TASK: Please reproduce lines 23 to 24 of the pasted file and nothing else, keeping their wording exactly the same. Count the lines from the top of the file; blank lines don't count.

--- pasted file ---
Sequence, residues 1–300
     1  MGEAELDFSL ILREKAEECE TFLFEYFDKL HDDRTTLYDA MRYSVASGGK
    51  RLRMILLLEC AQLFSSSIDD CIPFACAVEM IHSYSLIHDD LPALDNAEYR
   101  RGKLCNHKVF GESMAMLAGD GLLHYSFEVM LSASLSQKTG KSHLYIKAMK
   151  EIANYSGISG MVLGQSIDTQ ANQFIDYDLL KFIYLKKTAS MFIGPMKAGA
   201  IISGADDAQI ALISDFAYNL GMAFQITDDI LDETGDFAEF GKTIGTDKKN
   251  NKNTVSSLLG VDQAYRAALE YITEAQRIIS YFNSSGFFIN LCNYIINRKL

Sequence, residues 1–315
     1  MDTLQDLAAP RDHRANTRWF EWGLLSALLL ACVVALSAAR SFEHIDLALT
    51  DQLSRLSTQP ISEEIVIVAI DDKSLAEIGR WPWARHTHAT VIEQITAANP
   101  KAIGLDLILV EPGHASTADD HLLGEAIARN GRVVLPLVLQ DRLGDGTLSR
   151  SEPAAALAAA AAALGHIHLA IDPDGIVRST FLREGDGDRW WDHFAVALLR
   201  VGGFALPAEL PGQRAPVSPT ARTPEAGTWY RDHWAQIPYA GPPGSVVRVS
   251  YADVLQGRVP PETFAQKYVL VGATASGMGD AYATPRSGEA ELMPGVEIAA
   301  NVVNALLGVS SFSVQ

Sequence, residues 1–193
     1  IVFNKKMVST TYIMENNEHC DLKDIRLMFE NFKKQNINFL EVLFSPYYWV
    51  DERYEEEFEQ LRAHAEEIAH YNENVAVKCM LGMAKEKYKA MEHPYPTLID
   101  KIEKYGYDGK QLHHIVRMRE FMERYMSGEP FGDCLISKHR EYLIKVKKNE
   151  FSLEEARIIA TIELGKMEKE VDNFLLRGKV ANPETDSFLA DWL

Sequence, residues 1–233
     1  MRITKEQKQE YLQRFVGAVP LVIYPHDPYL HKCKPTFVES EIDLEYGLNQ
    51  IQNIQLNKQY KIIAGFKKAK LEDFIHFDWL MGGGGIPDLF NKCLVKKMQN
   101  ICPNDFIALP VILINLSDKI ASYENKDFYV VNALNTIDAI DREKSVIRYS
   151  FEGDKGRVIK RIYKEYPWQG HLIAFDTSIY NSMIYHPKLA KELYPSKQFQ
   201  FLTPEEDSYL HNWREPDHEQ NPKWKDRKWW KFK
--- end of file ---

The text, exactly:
    51  IQNIQLNKQY KIIAGFKKAK LEDFIHFDWL MGGGGIPDLF NKCLVKKMQN
   101  ICPNDFIALP VILINLSDKI ASYENKDFYV VNALNTIDAI DREKSVIRYS